Local NAACP leaders recently announced the results of their inquiry into the June shooting death of 23-year-old Sophia King, leveling much of the responsibility on the Housing Authority of the city of Austin.
King was shot and killed June 11 by APD officer John Coffey while allegedly threatening Housing Authority manager Diana Powell with a knife in a Rosewood courtyard. A Travis Co. grand jury did not indict Coffey; results of an APD Internal Affairs Division investigation, completed July 26, have been forwarded to Police Monitor Iris Jones. Chief Stan Knee will not make any final decisions on possible disciplinary actions against Coffey until Jones' staff has finished its review, according to an Aug. 1 APD release.
Linder said the results of the NAACP investigation should serve as both a "recommendation [to] and indictment [of]" the housing authority. HACA should beef up security measures and acknowledge residents' various difficulties and situations to ensure total compliance with the Americans with Disabilities Act, he charged. The Act "provides for certain types of considerations" for people like King with mental problems, Linder said -- for example, the Rosewood manager and police could have approached her more deliberately. "They knew she was agitated, and they banged on the door," he said. "You don't have to do that. There should have been a proper approach" that would've taken into account King's mental condition, he said.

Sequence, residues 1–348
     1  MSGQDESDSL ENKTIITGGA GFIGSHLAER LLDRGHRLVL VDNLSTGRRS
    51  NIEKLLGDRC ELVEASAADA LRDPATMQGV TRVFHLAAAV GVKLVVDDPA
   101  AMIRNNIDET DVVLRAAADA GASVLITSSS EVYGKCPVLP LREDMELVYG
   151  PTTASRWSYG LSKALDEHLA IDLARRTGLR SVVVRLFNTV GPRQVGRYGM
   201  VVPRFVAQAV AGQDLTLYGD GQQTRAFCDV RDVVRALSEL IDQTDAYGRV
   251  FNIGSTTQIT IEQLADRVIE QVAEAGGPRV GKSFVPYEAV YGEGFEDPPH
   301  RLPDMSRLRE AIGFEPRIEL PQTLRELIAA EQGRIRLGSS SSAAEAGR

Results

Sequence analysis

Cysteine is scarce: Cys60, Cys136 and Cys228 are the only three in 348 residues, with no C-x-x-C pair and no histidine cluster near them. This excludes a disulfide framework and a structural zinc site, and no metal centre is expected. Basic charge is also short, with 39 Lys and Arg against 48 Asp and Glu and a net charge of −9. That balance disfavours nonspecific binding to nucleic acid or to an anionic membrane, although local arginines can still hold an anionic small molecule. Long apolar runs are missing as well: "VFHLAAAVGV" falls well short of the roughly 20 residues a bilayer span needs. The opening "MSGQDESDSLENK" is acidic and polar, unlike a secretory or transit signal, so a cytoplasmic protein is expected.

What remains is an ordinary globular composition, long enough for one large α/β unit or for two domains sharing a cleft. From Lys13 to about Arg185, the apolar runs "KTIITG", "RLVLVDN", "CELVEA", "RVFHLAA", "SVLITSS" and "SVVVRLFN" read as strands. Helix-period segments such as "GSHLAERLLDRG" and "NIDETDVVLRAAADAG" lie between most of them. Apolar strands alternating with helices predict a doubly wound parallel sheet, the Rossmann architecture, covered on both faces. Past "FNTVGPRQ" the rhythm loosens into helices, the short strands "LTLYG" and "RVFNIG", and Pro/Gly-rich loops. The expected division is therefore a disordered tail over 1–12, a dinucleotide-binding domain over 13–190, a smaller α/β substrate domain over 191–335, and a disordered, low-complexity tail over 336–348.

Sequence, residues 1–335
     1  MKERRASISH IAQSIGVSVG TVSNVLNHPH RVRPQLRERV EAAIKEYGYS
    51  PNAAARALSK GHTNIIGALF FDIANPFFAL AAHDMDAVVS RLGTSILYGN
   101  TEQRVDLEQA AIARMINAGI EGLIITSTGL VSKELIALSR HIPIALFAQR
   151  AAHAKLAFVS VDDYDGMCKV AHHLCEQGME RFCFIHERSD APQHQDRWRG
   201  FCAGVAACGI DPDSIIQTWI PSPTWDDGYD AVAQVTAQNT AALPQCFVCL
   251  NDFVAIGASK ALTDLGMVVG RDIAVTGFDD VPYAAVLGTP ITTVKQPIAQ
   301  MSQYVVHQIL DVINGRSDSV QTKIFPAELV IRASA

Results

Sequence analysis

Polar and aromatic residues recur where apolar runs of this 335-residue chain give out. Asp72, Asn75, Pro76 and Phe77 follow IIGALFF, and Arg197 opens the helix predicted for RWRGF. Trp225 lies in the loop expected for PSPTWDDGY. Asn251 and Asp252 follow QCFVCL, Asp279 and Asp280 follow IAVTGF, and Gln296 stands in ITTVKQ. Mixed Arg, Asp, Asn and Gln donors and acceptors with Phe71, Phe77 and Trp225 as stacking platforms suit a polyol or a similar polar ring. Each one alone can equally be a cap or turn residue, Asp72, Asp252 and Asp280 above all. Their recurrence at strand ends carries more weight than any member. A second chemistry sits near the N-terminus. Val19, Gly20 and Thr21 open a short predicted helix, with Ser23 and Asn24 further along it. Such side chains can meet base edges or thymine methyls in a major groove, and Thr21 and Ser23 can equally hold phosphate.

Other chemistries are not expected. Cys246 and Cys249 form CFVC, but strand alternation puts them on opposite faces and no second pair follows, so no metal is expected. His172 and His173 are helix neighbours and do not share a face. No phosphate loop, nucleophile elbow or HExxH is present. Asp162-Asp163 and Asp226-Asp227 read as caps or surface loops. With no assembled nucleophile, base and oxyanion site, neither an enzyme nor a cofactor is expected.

But according to HACA lawyer Jim Ewbank, the NAACP's report is gravely flawed and inaccurate. HACA uses roving security patrols at every housing project, along with many security sub-stations, he pointed out. Furthermore, the ADA prohibits identification and "isolation" of residents based on mental or physical disabilities. "You're supposed to treat everyone the same," he said.
Ewbanks says NAACP never called the HACA for any information. In all, he asserts, the King tragedy may well rest on the "lack of personal responsibility" assumed by the responsibility of others. "The city of Austin housing authority is just that," he said. "It is not a law enforcement agency, it is not a mental health agency. This is not about how we treated Sophia King, this is about a police officer intruding and saving the life of a Housing Authority employee."